Dr. Pecora is currently a research physicist at the Naval Research Laboratory, Washington, DC, where he heads the section for Magnetic Materials and Nonlinear Dynamics in the Materials and Sensors branch. He received his B.S. degree in physics from Wilkes College and he then enrolled in the Syracuse University Solid State Science program from which he received a Ph.D. in 1977. In the same year, he was awarded an NRC postdoctoral fellowship at the Naval Research Laboratory where he worked on applications of positron annihilation techniques in determining electronic states in copper alloys. This led to a permanent position at NRL. In the mid-1980’s Dr. Pecora moved into the field of nonlinear dynamics in solid state systems. Subsequent work has focused on the applications of chaotic behavior, especially the effects of driving systems with chaotic signals and coupling nonlinear dynamical systems in complex networks. This has resulted in the discovery of synchronization of chaotic systems, control and tracking, and dynamics of many coupled, nonlinear systems. Recently his research interests have turned to quantum chaos and collective behavior of oscillators in large complex networks, especially using the techniques of computational group theory. Dr. Pecora has published over 150 scientific papers and has 5 US patents for the applications of chaos. His original paper on the synchronization of chaotic systems has over 5000 citations and is the 10th most cited paper ever in Physical Review Letters. In 1995 he received the Sigma Xi award for Pure Science for the study of synchronization in chaotic systems.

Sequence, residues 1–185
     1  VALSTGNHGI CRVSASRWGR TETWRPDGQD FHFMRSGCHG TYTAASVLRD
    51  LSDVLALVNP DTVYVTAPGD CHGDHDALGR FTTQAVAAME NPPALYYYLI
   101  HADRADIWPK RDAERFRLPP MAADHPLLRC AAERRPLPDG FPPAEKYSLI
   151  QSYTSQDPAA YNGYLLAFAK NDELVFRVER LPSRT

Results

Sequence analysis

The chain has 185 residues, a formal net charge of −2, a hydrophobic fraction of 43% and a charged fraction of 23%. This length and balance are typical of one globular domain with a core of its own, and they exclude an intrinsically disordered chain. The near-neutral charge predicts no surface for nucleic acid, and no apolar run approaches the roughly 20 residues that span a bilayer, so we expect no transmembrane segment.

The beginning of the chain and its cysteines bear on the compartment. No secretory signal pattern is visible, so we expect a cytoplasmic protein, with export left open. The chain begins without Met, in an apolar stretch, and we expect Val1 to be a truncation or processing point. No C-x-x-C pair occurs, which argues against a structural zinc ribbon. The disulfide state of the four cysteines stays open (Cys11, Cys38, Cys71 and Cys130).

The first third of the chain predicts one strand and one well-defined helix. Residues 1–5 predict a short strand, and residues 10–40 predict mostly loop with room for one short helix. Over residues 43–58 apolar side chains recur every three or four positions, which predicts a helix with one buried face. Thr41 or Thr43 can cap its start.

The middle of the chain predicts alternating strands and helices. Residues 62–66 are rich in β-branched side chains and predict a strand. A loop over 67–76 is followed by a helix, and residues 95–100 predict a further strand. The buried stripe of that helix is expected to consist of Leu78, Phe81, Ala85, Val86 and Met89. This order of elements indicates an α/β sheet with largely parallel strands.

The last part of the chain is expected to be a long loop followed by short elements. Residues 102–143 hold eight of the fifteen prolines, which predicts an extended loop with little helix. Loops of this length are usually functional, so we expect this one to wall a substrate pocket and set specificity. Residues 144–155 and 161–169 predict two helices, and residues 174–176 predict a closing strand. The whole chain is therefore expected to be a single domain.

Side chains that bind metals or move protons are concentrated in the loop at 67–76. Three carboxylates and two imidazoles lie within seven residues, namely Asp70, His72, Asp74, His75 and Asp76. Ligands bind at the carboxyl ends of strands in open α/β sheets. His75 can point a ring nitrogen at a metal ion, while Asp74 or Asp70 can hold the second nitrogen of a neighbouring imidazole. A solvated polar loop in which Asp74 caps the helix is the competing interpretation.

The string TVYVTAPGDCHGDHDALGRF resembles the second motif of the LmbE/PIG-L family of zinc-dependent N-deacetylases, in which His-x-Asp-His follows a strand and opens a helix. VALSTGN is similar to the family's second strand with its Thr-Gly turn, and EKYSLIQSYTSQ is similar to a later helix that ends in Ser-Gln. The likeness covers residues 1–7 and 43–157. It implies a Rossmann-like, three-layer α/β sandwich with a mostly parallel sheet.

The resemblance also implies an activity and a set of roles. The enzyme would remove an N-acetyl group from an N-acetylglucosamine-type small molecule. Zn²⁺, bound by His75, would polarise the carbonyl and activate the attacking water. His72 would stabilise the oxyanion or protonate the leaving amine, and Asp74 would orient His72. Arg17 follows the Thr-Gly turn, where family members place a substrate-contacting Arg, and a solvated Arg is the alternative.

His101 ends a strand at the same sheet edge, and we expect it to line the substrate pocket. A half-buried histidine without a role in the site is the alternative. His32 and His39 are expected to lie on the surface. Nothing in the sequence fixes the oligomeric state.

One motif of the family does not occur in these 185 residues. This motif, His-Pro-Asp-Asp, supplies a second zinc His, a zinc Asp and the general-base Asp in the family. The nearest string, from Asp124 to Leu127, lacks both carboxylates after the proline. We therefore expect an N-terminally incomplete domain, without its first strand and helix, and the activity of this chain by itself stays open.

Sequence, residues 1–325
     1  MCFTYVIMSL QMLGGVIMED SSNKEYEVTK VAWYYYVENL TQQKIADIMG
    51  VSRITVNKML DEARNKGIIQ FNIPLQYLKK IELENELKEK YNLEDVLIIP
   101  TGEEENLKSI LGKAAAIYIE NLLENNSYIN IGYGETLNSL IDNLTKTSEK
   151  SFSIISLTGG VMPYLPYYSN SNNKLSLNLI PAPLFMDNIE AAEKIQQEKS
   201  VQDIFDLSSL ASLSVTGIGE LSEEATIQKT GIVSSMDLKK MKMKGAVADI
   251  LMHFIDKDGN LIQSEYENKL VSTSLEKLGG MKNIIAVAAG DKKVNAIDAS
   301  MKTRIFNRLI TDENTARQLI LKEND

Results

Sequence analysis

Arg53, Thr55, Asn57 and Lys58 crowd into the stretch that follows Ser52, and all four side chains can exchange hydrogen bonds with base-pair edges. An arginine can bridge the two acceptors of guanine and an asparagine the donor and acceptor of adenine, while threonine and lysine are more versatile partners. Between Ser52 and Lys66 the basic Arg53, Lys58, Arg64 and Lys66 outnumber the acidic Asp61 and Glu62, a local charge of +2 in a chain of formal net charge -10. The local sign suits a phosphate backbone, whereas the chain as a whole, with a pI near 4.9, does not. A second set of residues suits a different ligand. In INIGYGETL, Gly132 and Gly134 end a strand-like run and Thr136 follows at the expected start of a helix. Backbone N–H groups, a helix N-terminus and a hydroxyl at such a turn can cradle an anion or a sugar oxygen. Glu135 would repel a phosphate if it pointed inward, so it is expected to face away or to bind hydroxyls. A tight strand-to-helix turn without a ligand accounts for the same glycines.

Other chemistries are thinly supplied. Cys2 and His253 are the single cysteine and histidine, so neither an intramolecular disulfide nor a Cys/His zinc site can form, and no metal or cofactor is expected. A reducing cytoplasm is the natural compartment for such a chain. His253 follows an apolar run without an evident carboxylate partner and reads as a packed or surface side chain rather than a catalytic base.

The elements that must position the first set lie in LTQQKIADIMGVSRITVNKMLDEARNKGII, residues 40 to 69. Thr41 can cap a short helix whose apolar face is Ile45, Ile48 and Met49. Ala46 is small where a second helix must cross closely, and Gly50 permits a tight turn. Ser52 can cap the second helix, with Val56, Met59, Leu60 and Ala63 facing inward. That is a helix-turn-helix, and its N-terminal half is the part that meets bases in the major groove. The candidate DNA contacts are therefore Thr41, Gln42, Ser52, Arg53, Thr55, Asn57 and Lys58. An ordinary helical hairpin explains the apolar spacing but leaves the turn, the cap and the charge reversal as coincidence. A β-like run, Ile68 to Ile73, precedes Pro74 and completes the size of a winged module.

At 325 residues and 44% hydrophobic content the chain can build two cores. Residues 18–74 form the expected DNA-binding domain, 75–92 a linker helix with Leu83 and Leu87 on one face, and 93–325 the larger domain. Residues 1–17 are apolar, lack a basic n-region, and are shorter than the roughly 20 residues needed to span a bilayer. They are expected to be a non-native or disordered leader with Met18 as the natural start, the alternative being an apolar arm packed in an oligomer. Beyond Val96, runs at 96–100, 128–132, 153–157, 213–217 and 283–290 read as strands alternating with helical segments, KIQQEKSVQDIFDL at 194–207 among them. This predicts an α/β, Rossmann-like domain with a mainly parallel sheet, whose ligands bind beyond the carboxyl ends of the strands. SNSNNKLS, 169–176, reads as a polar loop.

Arkady S. Pikovsky
Professor Pikovsky, PhD, is Chair of the Departmant of Physics and Astronomy, University of Potsdam, Germany. He graduated from the Gorky State University (USSR) in 1987, and worked in the field of nonlinear dynamics and theory of chaos in the Institute of Applied Physics of the Soviet Academy of Sciences. In 1990-1992 was an Alexander von Humboldt fellow at the University of Wuppertal, Germany. Since 1992 he is with the University of Potsdam, first as a research fellow and since 1997 as Professor. His work is in the fields of space-time chaos, dynamical regimes at the border of chaos and order, synchronization theory, noise-induced effects in nonlinear systems, methods of nonlinear data analysis of complex systems, patterns and structures, nonlinear and chaotic effects in disordered Hamiltonian dynamics. He is co-author of three monographs: “Synchronization: A Universal Concept in Nonlinear Sciences”, together with M. Rosenblum and J. Kurths, published by CUP in 2001; “Strange Nonchaotic Attractors” together with U. Feudel and S. Kuznetsov, published by World Sci. in 2006; “Lyapunov Exponents” together with A. Politi, published by CUP in 2016, and of more than 250 papers in refereed journals. Current research interests include study of complex synchronization regimes in networks of dynamical systems, with applications to life sciences. He served as panel member of the German Science Foundation (DFG) for Statistical Physics and Nonlinear Dynamics. A. Pikovsky is Fellow of the American Physical Society and Chaotic and Complex Systems Editor of Journal of Physics A: Mathematical and Theoretical.